When the Digital Center’s TriCoDH summer intern Brenna Levitin ’16 last wrote about her project, she was in the early stages of researching Bryn Mawr’s LGBT history. Recently, Brenna’s focus has shifted to methods for acknowledging silence in the archives, and she is now looking at ways to use her final exhibition project to represent—not fill—that silence.
I’ve begun this blog post four times, each hoping that this iteration will be the one that gels—the one that sums up archival silence in just the right way. I’ve realized, however, that perhaps the problem is the subject matter itself. Archival silence is not an easy topic: each interaction illuminates a single page of history and three blank books. Perhaps that’s why this blog post has been hard to write; after all, writing about what does not exist is difficult and an overwhelmingly foreign task to a fledgling historian.
Historians are intimately familiar with silence; one of the first things which my historian major advisor reminded me to think about for this project was silence. Anyone who attempts to write from physical archives knows the weight of the silence contained within; anyone using oral histories acknowledges the silence from those who did not, would not, or could not volunteer.
My project uses what little the physical archives contains alongside oral histories, cross-referencing the two in an attempt to provide the fullest picture of Bryn Mawr’s LGBT history possible. Even if I am able to confirm the veracity of the information, I still need a way of representing the silence. A truly complete image of history will never be reached for any subject, especially not for any study of minorities. Archives are writ by the victors, not the marginalized sexual minorities.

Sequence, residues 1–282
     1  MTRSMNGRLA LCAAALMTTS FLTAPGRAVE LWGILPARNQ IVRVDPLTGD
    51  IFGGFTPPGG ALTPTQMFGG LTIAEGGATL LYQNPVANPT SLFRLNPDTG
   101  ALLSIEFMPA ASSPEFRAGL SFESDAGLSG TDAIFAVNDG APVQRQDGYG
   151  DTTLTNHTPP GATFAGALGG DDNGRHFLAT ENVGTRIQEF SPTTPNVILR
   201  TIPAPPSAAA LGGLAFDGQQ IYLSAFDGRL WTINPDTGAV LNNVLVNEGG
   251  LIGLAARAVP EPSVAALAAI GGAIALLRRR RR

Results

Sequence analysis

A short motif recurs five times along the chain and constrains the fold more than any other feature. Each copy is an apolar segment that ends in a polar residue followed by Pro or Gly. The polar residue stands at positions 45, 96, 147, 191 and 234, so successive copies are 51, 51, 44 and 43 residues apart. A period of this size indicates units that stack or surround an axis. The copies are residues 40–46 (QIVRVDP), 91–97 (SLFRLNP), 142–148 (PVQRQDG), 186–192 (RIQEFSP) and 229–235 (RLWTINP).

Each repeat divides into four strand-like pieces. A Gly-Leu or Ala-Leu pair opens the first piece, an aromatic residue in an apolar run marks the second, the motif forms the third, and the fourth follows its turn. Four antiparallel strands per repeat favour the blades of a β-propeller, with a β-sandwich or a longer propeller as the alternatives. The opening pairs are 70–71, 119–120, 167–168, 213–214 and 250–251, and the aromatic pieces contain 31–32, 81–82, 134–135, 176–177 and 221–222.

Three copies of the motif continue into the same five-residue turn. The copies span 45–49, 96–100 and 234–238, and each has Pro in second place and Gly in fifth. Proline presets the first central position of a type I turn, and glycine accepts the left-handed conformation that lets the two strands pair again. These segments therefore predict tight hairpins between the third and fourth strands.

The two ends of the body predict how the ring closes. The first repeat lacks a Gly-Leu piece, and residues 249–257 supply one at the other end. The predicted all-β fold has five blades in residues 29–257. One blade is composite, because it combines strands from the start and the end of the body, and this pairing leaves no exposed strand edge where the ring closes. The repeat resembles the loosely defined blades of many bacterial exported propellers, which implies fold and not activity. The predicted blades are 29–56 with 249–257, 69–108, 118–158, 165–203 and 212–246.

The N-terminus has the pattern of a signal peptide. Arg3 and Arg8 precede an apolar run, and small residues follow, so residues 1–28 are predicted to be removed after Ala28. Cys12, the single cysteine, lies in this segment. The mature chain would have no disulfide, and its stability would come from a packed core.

Last month, I explored this topic in an unconference session at PhillyDH@Penn. An animated group discussed visualizing archival silence and its inherent problems. We discussed how to make silence not just noticeable, but enticing; in a physical museum if viewers are invited to uncover something, they are often more likely to look at it. Moreover, the physicality of uncovering actively involves them in the process. They don’t simply gaze passively at a blank space, wonder about it for a moment, and move on; instead they boldly take action, resulting in questioning their assumptions about history as a process and about the preservation of minority culture.
This method of inviting an action or inquiry of an empty or blank space also queers the act of disseminating history. By doing so, not only do we move away from static installations built of text and images; we provoke critical thought about the historical process. Readers are thus encouraged to think as historians, to critically consider the landscape of history as subjective and fluid. As we elucidate the history of queer experiences at Bryn Mawr, my hope is that we also illuminate the historical process. To me, digital humanities is all about making academia accessible. To illustrate archival gaps by revealing the silences and amplifying the voices of queer community members is a worthy goal.
Next week, Brenna’s post will discuss the search for a technology to help document her findings and visualize silence.